The New Scientist has an article in its current edition, "ARGENTINA'S BITTER HARVEST: Genetically modified soya promised so much for hard-pressed farmers. Now it has all gone horribly wrong" (p.40) The accompanying editorial struggles to maintain the magazine's pro-GM line. It extracts some comfort from its disturbing report by declaring it's not the technology's fault things have gone horribly wrong. The technology is simply being "mishandled". But this is a technology prone to being mishandled in this way given the rush to introduce it globally, and given that the selling point to farmer's is its supposed convenience, when it in fact requires complex management.
GM Farmers 'Mishandling Technology'
By Vik Iyer, PA News
Genetically modified crop farmers in South America are using weedkiller so heavily that it is destroying neighbouring produce and causing sickness, it emerged today.
Farmers in Argentina, who began growing herbicide-resistant soya crop in the late 1990s, are now facing the prospect of soil becoming inert because of the herbicides.
In 2002, almost half of Argentina's arable land, 11.6 million hectares, was planted with soya, with almost all of it GM.
The main benefit to farmers is that by making the crop herbicide resistant, all weeds can be wiped out by one single broad-spectrum substance.
However, seeds from the previous season will still have to be killed with a different weedkiller.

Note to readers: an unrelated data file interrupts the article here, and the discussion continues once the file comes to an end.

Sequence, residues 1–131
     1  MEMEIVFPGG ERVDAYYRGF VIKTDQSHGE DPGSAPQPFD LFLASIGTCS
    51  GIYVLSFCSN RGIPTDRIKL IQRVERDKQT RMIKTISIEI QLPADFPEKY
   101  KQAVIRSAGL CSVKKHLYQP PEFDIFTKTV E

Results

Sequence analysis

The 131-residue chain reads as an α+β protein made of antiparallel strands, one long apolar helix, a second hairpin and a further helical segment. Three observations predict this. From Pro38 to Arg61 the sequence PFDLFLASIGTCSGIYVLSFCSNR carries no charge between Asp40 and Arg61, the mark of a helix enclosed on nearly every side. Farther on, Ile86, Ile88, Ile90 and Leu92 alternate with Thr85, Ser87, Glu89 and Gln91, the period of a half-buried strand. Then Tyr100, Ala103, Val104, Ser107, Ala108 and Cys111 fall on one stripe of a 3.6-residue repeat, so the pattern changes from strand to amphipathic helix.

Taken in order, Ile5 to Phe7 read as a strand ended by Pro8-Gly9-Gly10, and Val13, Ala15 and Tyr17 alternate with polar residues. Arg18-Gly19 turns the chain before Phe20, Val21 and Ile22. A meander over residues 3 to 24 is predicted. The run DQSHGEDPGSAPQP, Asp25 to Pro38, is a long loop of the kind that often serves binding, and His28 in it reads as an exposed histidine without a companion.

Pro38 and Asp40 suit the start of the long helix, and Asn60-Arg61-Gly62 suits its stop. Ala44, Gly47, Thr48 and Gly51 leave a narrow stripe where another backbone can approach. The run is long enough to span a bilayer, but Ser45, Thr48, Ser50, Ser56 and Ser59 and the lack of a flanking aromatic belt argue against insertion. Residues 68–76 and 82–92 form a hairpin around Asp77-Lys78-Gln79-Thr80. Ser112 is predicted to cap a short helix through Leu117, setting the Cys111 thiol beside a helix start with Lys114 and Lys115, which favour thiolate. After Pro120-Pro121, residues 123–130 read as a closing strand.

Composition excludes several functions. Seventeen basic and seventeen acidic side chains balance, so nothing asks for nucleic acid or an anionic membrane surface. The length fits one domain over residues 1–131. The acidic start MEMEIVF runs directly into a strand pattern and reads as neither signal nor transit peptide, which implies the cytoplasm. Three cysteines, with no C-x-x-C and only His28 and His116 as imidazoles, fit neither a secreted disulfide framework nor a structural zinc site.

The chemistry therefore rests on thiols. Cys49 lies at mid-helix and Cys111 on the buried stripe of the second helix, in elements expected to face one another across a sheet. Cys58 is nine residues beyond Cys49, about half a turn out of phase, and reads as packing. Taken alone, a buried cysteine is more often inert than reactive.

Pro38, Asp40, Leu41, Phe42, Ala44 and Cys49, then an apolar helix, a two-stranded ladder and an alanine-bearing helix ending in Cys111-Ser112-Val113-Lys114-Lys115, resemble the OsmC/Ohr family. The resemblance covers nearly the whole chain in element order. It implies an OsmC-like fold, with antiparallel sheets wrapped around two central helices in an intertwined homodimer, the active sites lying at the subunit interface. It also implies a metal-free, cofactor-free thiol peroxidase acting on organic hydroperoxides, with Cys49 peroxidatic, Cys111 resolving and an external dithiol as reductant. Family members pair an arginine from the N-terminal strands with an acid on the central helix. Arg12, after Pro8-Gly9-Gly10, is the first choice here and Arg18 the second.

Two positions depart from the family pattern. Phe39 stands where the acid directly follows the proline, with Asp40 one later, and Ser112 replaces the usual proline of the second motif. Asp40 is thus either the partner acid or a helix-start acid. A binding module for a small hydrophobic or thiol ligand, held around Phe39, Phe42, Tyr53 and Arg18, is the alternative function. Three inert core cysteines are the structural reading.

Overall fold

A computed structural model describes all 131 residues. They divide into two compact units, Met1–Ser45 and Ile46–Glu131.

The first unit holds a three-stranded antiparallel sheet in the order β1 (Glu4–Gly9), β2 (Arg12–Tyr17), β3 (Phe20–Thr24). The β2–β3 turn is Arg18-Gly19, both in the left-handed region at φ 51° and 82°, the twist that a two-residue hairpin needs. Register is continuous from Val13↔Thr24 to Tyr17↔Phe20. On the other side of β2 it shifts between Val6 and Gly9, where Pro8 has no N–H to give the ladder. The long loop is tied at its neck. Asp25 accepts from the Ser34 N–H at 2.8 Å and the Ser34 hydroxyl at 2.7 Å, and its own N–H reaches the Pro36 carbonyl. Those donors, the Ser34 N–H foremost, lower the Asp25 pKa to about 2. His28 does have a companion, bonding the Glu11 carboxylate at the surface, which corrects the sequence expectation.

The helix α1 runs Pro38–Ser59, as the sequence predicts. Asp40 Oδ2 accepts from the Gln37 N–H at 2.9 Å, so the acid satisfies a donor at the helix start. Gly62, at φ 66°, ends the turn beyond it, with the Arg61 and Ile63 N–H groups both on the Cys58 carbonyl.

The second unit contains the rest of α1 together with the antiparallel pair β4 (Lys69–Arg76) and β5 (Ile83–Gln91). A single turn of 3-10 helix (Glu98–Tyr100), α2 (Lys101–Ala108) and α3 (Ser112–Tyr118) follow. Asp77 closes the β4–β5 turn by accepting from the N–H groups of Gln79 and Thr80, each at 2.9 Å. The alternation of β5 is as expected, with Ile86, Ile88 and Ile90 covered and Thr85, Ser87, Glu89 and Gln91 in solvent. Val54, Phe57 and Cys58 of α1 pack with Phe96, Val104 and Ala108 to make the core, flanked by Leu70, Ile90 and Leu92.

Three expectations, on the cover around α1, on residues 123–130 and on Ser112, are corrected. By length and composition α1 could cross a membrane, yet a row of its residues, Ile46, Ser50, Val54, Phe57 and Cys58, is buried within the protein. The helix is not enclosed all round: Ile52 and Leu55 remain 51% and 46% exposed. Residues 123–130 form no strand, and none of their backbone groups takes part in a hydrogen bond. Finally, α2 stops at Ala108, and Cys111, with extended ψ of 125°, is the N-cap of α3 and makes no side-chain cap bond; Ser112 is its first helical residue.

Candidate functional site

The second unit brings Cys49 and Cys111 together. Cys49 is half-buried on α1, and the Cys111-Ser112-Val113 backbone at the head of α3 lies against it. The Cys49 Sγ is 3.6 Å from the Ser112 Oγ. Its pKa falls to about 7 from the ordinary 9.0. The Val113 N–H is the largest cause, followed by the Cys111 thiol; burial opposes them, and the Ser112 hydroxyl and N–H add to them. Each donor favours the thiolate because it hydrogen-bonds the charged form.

Furthermore, if a crop is grown in the same field over a period of seasons, weeds which are naturally resistant to the main herbicide take over.
According to the New Scientist journal, farmers are fighting off these problems with quantities of herbicides which are ”š "destroying neighbours' crops" and "making people sick".
In one example, the toxic weedkillers caused eyes to smart, brought rashes out on children's legs and left a huge swathe of crops damaged in a rural village which neighboured GM land.
Scientists later confirmed that over-spraying of weedkiller was the culprit.
But, in its editorial, the journal insists that this does not necessarily reflect badly on GM crops.
It said: "But the real story is more complex. For one thing, any farmer who sprays herbicides with such abandon that nearby crops and people are affected is being reckless and should face legal penalties.
"Argentina's troubles are caused more by a mishandling of the technology than by technology itself.
"Turning over large areas of farmland to just one crop, relying on one method of weed control, and failing to take precautions such as rotating crops, is asking for trouble.